An investigation conducted by the BBC has found that some of the money collected by the UN after last year's devastating earthquake was channelled to charities associated with extremist (jihadi) groups in Pakistan.
Around one lakh people had died in October 8 earthquake last year, with the epicentre being in PoK capital Muzafarrabad.
It was also found that one of the charities linked with extremists was now using its position to gain access to and 'recruit' orphaned or fatherless children in madrassas being run miles away from their homes.
The earthquake had evoked a tremendous response from among ordinary Pakistanis, non-governmental organisations, Muslim groups, and various charities associated with militant groups to help the survivors.
They included the al-Rashid Trust, which is banned by the UN Security Council and accused of being a conduit for Al-Qaeda financing.
The group is also on Pakistan's own terrorism watch list.
The UN delivered aid to relief camps controlled by al-Rashid, in the form of tents, trucks, medicine, blankets and schools.
UN agencies also worked with Jamaat ud-Dawa, another charity, which the US state department claims has close associations with the outlawed militant group, Lashkar-e-Taiba (LeT).
Upon being asked why they had worked with such extremist groups, the UN's humanitarian co-ordinator, Jan Vandemoortele said they adopted a humanitarian approach and didn't want those people to be left aside.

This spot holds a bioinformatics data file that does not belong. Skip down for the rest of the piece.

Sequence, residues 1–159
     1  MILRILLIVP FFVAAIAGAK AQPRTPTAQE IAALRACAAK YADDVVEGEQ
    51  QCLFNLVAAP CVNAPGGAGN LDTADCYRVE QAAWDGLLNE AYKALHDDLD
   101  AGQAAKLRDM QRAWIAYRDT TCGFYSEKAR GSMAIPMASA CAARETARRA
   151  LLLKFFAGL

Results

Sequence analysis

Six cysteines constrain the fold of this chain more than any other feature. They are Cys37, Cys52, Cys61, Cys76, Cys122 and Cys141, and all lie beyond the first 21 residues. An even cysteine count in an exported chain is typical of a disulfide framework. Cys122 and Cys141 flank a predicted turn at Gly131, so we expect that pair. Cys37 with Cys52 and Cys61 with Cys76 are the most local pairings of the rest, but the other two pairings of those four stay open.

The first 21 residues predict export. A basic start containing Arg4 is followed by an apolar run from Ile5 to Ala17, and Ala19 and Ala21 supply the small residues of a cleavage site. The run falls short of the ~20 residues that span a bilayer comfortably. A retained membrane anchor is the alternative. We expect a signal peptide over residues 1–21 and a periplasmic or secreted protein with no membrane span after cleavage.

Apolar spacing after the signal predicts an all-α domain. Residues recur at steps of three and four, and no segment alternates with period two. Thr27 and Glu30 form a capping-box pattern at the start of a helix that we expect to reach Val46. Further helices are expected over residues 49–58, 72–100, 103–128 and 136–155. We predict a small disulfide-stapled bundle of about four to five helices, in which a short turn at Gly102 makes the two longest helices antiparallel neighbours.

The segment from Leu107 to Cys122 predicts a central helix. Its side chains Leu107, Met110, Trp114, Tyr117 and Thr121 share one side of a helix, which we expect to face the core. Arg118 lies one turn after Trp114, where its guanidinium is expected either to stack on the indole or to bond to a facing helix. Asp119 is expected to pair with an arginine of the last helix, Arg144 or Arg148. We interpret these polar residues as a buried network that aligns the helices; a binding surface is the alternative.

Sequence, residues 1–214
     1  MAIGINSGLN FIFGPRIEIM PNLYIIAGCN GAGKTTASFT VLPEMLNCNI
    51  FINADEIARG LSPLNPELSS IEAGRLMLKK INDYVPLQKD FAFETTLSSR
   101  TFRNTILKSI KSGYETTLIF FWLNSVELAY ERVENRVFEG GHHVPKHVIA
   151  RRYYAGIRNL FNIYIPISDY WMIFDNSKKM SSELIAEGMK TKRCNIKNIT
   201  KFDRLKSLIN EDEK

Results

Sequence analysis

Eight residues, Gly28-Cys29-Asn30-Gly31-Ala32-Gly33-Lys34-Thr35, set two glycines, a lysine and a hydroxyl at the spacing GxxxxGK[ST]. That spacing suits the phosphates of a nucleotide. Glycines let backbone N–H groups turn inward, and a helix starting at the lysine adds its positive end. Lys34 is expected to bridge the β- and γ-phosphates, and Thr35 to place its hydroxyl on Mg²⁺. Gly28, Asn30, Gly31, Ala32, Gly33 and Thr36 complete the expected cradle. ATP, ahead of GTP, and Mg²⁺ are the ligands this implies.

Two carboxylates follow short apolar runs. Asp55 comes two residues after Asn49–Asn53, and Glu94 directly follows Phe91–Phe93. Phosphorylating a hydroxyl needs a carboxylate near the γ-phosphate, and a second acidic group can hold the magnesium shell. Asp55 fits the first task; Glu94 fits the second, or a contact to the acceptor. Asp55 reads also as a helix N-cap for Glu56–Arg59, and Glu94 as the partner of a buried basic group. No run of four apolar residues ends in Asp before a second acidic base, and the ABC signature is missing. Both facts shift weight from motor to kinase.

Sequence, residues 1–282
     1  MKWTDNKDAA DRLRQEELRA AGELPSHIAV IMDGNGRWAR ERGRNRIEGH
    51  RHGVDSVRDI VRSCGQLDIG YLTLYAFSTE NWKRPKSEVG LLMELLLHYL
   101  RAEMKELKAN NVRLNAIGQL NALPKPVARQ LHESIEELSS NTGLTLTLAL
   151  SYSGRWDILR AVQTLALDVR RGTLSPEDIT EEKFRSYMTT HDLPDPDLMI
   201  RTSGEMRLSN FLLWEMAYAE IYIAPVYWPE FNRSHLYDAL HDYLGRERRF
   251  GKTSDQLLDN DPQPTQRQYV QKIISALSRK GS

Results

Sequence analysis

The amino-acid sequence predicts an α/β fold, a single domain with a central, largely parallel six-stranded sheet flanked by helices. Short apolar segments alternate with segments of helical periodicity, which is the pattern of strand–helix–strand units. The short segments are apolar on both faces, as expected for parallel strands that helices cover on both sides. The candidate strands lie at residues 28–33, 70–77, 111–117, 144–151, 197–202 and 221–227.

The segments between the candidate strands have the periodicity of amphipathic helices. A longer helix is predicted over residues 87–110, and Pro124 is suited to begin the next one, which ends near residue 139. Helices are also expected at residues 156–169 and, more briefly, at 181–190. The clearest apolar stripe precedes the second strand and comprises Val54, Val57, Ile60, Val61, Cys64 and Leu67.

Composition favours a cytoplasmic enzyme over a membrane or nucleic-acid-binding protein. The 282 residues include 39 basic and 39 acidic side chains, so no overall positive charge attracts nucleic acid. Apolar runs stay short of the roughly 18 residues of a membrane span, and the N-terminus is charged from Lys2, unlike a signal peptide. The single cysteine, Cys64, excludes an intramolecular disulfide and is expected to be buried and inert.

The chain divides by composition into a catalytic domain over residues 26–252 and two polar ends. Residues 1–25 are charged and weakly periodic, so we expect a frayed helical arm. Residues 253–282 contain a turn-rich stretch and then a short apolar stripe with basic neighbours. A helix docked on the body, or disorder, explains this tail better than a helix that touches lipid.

"No, we never worked with them. We were active in the camps that were run by them. From a humanitarian perspective we did not take a position that we would leave those people aside.
We knew those people needed help. We intervened but we never had any direct relationship with those groups," The Nation quoted Jan as saying in BBC's File on Four programme.
According to the UN, Jamaat ud-Dawa and al-Rashid Trust and their brand of extremist Islam never had a big presence in these areas before the earthquake, but their relief efforts and the aid they got from international agencies, had really boosted their position locally.
Quoting a Jamaat leader, the report said people were now trusting them with their children, even as they had already sent 400 such children under the age of nine to board at their madrassas, or religious schools, some hundreds of miles from their homes.